The extracellular flagellate Trichomonas vaginalis is the causal agent of trichomoniases, the most prevalent curable sexually transmitted infection globally (46). This parasite produces EVs to allow its attachment to the host mucosa (30). The proteomic analyses of these EVs revealed that 75% of the identified proteins corresponded to orthologs of mammalian exosome proteomes (exocarta). Common proteins represent core conserved exosomes protein families such as tetraspanins, Alix, Rabs, Hsp70, subunits of heterotrimeric G proteins, and TcTP (30). The identified proteins were sorted into functional groups, and the more abundant corresponded to signaling proteins (14%), metabolic enzymes (14%), cytoskeletal proteins, and proteins involved in transport and vacuolar proteins (30).
When comparing the proteomics profiles of intracellular and extracellular protozoa EVs, it seems that a common pattern of proteins is present in both, which include metabolic enzymes and Hsp. An enrichment in proteins involved in transport and vacuolar proteins is observed in EVs from extracellular protozoa (i.e., tetraspanins).
The diseases caused by helminths are considered the most neglected ones, with a third of the human population affected at least by one species (47). EVs from the trematode species Echinostoma caproni, Dicrocoelium dendriticum, and Fasciola hepatica have been isolated. The analysis of the composition of these vesicles has identified proteins previously described in the excretory/secretory products (ESP) (about 50% of proteins corresponded to the proteins identified in the secretome) (37, 40), which may explain the atypical protein secretion (lacking typical secretion signals) in flukes. These proteins include metabolic enzymes like enolase, GAPDH, aldolase, and well-known exosome components like Hsp70 and annexins (37, 40). Differences in EVs composition were observed among the three species, correlated with their respective ESP. Meanwhile, no proteases were present in E. caproni EVs, D. dendriticum, and F. hepatica EVs contained leucine aminopeptidase (LAP), and F. hepatica EVs contained a large number of proteases (i.e., cathepsins), probably related to its migration along tissues (37, 40), as well as chaperons, fatty-acid binding proteins, and detoxifying enzymes (37). In addition to the presence of proteins in helminth EVs, the presence of miRNA in D. dendriticum EVs has been described (40).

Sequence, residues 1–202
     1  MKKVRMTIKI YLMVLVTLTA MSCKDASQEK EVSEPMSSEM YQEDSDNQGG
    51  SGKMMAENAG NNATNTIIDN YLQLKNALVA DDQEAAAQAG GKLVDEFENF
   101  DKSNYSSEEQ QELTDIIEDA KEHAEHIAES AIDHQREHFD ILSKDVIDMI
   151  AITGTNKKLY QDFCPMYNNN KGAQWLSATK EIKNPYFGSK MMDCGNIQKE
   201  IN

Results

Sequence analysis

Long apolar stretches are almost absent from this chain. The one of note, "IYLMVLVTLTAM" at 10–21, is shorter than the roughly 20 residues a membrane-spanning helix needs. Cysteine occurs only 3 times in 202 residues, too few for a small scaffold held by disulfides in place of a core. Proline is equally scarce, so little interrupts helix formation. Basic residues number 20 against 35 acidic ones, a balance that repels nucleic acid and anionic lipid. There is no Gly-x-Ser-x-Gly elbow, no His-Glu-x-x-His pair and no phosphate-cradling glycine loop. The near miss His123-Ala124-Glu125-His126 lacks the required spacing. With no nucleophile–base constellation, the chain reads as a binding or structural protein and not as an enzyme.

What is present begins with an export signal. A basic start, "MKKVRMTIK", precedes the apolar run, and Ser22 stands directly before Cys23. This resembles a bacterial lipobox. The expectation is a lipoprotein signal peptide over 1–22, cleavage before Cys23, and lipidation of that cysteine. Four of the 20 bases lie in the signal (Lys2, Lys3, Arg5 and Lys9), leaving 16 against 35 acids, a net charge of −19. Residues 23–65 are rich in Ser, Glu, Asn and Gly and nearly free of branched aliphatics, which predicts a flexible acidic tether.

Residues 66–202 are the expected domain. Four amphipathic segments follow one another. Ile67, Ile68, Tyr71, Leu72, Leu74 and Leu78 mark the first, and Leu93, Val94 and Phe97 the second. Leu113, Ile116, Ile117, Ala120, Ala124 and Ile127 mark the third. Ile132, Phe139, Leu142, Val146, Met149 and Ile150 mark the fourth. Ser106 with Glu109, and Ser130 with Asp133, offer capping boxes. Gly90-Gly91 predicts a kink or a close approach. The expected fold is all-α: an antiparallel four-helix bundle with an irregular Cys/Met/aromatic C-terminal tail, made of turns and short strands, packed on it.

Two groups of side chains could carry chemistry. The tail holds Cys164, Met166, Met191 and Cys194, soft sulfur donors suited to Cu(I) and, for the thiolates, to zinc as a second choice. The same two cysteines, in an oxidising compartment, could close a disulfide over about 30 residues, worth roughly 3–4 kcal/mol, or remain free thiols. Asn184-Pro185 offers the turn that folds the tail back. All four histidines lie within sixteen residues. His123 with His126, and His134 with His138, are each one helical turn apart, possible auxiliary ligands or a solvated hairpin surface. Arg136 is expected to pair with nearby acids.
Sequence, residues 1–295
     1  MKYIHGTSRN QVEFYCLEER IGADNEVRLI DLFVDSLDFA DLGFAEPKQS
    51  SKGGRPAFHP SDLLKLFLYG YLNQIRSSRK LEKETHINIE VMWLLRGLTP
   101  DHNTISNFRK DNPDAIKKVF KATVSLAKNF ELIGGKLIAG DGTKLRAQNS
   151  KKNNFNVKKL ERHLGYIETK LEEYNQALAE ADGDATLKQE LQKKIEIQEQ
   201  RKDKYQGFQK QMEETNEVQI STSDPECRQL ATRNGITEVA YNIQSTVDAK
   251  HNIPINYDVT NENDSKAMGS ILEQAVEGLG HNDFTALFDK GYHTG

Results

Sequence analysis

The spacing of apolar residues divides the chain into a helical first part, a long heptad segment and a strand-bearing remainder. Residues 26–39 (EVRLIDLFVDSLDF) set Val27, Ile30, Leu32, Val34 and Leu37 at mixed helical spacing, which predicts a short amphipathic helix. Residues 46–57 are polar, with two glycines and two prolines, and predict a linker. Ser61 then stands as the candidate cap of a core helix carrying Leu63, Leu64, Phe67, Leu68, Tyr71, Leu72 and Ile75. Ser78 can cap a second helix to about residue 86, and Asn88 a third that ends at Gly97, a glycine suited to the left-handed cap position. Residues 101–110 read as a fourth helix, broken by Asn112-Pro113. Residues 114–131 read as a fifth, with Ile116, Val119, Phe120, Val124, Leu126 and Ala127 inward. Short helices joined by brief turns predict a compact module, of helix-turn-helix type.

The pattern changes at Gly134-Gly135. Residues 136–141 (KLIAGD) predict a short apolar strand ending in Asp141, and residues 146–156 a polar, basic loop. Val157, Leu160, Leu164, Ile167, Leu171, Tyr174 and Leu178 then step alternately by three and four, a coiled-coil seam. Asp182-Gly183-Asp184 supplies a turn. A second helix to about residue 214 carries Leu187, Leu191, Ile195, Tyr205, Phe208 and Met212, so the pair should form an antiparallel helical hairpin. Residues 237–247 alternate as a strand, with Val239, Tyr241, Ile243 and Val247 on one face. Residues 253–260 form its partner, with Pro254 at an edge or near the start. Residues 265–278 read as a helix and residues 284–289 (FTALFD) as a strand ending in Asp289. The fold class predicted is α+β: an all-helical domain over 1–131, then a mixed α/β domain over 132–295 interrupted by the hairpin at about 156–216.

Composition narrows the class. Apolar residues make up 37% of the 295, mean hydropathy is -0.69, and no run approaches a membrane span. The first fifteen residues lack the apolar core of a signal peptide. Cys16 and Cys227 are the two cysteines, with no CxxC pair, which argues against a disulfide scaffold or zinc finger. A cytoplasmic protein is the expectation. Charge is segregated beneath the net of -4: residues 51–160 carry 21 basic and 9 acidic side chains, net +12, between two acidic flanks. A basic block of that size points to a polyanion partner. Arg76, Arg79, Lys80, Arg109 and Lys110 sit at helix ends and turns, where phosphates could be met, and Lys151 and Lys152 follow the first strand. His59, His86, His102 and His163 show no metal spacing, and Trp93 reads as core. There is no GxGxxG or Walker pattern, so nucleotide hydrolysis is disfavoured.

Parasitic EVs in Cell–Cell Communication
Parasite EVs participate in parasite–parasite and host–parasite communication processes.
Very little information is available about the role of EVs in intraspecific communications. A recent study has demonstrated that P. falciparum infecting red blood cells directly communicates with other parasites using EVs that are capable of delivering genes. Importantly, communication via EVs also promotes differentiation to sexual forms and survival of parasites, providing a mechanism for increasing parasite persistence in times of stress (48). Furthermore, the P. falciparum PfEMP1 trafficking protein (PfPTP2), which plays a key role in the traffic to host cells, has been identified. PfPTP2 functions in the release of EVs into the supernatant, implicating P. falciparum molecular machinery in intercellular communications (48).
In contrast, there are many examples of parasite EVs involved in host–parasite communication.
Pioneering studies on EVs in trypanosomes described T. cruzi shedding vesicles (20–80 nm) in cultured trypomastigotes (13), and recently, a possible association between intensity of shedding and infectivity of different strains has been proposed (47). These authors suggest that these vesicles could be acting as messengers for invasion, somehow preparing the host cell for the incoming trypanosome, which represents a novel mechanism to explain parasite interaction with the host (10, 49).